It’s a secret point of pride for experienced New Yorkers that we know how to properly parse the mystifying taxi light system. It gives us a leg up over tourists, who spend so much time trying to differentiate between the Available and Off Duty lights that by the time they realize the cab is free, a local has already settled into the backseat.
But now, the Wall Street Journal reports that the Taxi & Limousine Commission has voted to revamp the baffling system: during scheduled taxi inspections between January and April, all taxis will be outfitted so that their signs only display one light when they’re available. When they’re taken or off-duty, the sign will be dark.
“From the point of view of the person on the street, they just need to know I can stick my hand up and flag it down,” said TLC Commissioner David Yassky at the meeting, prior to the vote.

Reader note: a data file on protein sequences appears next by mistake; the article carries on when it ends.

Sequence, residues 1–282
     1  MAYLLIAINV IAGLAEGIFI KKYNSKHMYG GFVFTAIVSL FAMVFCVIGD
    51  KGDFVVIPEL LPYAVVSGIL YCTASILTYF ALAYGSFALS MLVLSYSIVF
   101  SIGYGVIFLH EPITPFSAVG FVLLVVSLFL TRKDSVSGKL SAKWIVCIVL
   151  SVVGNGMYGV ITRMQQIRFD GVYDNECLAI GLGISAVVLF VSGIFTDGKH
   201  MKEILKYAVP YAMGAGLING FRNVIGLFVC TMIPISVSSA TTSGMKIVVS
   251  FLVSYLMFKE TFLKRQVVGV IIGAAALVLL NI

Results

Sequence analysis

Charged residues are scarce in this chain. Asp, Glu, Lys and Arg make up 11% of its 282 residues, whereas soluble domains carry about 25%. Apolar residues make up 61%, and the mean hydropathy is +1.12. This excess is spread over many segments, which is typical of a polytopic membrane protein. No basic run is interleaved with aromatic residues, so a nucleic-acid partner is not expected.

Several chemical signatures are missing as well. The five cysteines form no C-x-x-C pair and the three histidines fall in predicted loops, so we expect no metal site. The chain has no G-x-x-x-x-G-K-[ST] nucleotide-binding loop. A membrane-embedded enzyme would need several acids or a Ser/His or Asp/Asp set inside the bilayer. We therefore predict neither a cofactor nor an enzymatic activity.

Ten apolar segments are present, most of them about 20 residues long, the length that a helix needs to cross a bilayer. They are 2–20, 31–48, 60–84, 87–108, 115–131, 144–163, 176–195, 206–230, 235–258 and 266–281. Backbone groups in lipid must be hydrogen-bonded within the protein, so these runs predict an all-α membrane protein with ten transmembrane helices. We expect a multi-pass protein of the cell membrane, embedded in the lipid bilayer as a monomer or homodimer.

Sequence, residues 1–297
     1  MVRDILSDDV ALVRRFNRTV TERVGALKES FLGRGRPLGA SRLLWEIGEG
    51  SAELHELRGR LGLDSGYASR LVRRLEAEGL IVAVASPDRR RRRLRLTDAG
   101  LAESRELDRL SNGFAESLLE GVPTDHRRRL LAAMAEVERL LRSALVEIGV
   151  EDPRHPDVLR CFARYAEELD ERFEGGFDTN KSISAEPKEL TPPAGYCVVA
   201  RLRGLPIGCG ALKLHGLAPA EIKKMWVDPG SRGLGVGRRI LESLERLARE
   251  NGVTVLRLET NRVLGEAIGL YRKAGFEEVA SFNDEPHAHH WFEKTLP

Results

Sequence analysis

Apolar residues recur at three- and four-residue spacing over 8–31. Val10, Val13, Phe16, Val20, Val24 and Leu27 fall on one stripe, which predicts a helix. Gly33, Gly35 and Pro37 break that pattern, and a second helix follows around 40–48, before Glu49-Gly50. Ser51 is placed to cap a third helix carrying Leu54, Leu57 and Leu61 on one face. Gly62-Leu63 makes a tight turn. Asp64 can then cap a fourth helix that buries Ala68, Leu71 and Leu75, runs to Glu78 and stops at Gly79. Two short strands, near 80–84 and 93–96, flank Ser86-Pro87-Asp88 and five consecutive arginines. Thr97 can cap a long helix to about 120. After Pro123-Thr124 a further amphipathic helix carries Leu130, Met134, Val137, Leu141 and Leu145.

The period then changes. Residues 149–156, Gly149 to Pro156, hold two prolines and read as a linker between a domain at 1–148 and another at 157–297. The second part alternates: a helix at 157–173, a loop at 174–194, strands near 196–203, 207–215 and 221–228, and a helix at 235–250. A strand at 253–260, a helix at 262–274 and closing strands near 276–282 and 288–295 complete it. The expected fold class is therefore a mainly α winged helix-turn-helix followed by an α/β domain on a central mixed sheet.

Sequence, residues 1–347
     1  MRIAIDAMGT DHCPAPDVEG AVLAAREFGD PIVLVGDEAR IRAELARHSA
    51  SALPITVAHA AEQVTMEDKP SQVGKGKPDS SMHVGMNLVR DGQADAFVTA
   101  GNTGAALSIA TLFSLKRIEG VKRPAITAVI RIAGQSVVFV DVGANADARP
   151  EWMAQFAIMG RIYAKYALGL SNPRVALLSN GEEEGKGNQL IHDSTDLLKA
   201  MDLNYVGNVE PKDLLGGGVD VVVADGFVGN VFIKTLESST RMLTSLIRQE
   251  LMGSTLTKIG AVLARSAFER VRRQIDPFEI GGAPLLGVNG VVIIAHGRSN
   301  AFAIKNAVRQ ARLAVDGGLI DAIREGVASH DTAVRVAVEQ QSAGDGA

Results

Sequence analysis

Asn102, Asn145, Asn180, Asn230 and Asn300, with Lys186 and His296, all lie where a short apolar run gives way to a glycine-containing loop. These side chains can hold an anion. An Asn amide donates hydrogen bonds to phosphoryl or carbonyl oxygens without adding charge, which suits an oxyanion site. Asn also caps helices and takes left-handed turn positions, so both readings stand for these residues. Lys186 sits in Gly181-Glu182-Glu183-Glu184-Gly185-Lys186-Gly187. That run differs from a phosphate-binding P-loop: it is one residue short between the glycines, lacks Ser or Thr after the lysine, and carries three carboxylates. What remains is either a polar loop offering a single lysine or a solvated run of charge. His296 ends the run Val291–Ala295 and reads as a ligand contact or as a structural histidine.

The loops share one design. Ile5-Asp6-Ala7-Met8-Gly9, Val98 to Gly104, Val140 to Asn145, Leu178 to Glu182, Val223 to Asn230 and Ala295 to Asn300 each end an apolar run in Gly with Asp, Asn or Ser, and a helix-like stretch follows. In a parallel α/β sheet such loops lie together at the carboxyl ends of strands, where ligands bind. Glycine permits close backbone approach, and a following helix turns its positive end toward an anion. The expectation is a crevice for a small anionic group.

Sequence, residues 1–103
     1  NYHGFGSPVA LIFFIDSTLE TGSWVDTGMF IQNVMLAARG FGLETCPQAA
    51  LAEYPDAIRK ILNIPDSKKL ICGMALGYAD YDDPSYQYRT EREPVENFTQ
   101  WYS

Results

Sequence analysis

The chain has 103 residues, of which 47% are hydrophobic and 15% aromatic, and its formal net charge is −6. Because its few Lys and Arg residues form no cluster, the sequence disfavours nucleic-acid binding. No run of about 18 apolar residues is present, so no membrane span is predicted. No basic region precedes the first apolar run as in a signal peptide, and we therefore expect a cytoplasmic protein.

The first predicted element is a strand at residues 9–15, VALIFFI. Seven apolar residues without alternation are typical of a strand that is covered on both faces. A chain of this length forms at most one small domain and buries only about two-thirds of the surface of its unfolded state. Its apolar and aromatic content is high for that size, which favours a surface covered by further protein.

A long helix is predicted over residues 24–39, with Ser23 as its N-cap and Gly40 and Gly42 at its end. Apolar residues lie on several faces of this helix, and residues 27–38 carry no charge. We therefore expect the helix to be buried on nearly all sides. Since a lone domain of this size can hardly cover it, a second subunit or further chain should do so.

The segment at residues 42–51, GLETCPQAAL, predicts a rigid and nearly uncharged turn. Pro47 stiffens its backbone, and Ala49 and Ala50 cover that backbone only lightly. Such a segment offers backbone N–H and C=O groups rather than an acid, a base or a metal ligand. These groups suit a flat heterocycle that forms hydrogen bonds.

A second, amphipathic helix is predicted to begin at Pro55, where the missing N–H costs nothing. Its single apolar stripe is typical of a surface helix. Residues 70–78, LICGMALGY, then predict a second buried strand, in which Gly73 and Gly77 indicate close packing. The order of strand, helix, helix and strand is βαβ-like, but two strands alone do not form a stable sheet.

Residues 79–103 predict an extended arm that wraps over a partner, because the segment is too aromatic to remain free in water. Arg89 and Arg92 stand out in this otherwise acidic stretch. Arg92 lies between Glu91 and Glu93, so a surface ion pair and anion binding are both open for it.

The TLC discussed the change during the same meeting in which they addressed Uber’s longstanding e-hailing battle, though voting on that decision may be a long ways off. The TLC’s Beaver Street office is still being run off of a generator after losing power during another large public meeting, during which attendees had to exit by walking down 19 flights of stairs.
Revamping the complicated light system should go a long way towards making a cab easier to catch. Mr. Yassky said the new system just makes “plain, common sense.”
Still, some New Yorkers are rather disgruntled about the leveled playing field. “New York is not supposed to be easy,” a certain Betabeat reporter angrily Skyped. “Tourists are supposed to get lost.”
Additional reporting contributed by Nitasha Tiku.